Lawmakers: No actual rebellion in Mindanao

OPPOSITION lawmakers objected Wednesday, December 12, to recommendations to extend martial law in Mindanao, saying there was no actual rebellion in the south that would justify the extension.

The Congress voted Wednesday afternoon to extend for the third time the martial law declaration in the south until December 31, 2019.

But Senator Franklin Drilon pointed out that the Supreme Court, in its recent decision in the petition of Albay Representative Edcel Lagman against the martial law declaration and its implementers, ruled that for it to be imposed, there should be an actual rebellion.

He said there is nothing in the grounds cited by President Rodrigo Duterte that shows actual uprising or actual rebellion to justify the extension of martial law.

"None exists at this point to justify the declaration of martial law," Drilon said.

Senator Chiz Escudero, during his interpellation, also said that the grounds listed in Duterte's request do not constitute the further extension of the martial rule.

Duterte, in his letter to Congress, said that rebels and remnants of terror groups like the Abu Sayyaf, Bangsamoro Islamic Freedom Fighters, and Daulah Islamiyah, among others, have continued to perpetrate hostile activities in Mindanao.

He also cited as grounds for martial law extension the recent bombing incidents in Basilan, Sultan Kudarat, and General Santos City that killed a number of people.

But Escudero said the grounds cited by the President are not the basis for martial rule declaration.

"Ang binabanggit po lamang ay pagsalakay o invasion o rebellion, hindi po pagpapanatili ng peace and order, hindi po pagapaganda ng ekonomiya at hindi dahil gusto ng tao. Ang kinakailangan meron rebellion," he added.

(What was mentioned as basis for martial law declaration is invasion or rebellion, not to maintain peace and order, not to improve the economy, and not because the people want it. There must be rebellion.)

Section 18, Article VII of the 1987 Constitution stated that the President, as commander-in-chief, has three powers: (1) call out the armed forces to prevent or suppress lawless violence, invasion or rebellion; (2) suspend the privilege of the writ of habeas corpus; (3) or place the Philippines or any part thereof under martial law in case of invasion or rebellion, when the public safety requires it.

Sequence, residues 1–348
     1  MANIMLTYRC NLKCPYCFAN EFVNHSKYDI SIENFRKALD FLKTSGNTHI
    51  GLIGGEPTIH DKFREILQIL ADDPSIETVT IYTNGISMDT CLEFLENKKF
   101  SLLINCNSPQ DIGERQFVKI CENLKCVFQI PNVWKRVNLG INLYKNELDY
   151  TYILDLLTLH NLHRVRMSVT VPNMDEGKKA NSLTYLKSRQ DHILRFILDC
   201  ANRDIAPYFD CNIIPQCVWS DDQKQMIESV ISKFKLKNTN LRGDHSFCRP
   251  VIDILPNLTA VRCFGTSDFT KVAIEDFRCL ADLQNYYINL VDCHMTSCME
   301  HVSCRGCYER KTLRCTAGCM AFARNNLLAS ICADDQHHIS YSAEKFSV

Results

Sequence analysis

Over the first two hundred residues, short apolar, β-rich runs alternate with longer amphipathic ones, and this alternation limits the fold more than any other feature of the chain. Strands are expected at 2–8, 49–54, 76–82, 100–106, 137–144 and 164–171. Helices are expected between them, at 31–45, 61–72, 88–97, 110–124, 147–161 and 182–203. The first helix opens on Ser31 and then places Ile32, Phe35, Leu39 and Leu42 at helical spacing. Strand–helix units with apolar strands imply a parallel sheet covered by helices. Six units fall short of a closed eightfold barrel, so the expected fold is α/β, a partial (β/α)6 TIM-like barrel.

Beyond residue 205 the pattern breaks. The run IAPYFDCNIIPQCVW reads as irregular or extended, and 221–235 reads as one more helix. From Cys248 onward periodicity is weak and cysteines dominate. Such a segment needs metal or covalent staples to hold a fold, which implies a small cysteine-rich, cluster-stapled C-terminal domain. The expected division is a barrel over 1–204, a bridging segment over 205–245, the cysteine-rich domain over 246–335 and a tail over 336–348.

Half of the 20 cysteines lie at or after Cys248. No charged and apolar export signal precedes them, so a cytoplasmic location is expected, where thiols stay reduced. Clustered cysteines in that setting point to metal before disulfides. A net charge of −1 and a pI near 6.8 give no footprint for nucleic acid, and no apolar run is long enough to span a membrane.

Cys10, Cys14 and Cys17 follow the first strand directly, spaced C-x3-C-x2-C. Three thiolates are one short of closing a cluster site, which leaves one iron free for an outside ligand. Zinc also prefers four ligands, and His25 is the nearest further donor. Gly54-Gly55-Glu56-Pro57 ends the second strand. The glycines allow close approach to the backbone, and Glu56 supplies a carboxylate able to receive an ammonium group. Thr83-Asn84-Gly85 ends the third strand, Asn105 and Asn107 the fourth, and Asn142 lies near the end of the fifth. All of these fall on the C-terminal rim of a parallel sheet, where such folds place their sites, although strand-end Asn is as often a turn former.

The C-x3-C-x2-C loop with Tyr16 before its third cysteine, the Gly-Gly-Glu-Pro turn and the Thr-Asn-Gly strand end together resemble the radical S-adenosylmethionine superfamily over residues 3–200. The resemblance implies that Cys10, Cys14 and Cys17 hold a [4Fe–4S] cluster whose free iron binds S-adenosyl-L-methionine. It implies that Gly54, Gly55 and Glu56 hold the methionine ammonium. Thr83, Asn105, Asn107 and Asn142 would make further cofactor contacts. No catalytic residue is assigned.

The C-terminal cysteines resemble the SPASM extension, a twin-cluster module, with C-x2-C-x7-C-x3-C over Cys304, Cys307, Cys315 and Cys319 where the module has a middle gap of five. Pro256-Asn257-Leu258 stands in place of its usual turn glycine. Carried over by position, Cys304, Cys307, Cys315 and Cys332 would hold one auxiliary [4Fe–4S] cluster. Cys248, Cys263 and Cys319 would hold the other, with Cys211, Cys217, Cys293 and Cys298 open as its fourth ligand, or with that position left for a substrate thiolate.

Also under the Constitution, martial law can be declared for a period not exceeding 60 days. But since martial law was declared in Mindanao in May 2017, Wednesday's decision was the third extension granted by the 17th Congress to Duterte.

Senator Francis Pangilinan said he could not understand how two years can be defined as a limited period.

"Martial law is an extraordinary measure imposed only for a limited period...The actual rebellion was taking place in Marawi, it should be limited there and only for a limited period," he said.

Escudero pointed out that there is no need to impose martial law, as what law enforcers can do with martial law, they still can do even without it.

"This cannot be the new normal for Mindanao...Mindanao achieved economic growth. Mindanao achieved unprecedented maintenance of peace in their area and it can do so even without martial law," he said.

Senator Risa Hontiversos, for her part, said she is disturbed by the fact that the military has been taking over the civilian functions of the local government to police and ensure discipline.

"May I know exactly and factually what civilian functions have been taken over by the military?... Dahil daw sa martial law ang mga LGU (local government unit) natin sa Mindanao ay nag-totow the line at naeempower na mag-gobyerno at nadadagdagan daw ang nabibigyan ng seal of good local governance sa Armm (Autonomous Region in Muslim Mindanao) dahil din daw sa martial law. Ito na po ba nag trabaho ng AFP ngayon?" she said.

National Defense Secretary Delfin Lorenzana in response said the military is not taking away any civilian functions of the local government.

"Wala po kaming kinukuhang functions from the civilians... They can function normally during martial law. If they want to institute curfew, they can do it. Hindi kami nag-iimpose sa kanila, kaya lang ang military and police may checkpoints to police those na nagdadala ng baril," he said.

Martial law in Mindanao was declared on May 23, 2017 after clashes between the Maute terror group and government forces broke out in Marawi City, Lanao del Sur.

The Marawi siege, which lasted for five months has killed more than 1,000 people. (With LMY/SunStar Philippines)


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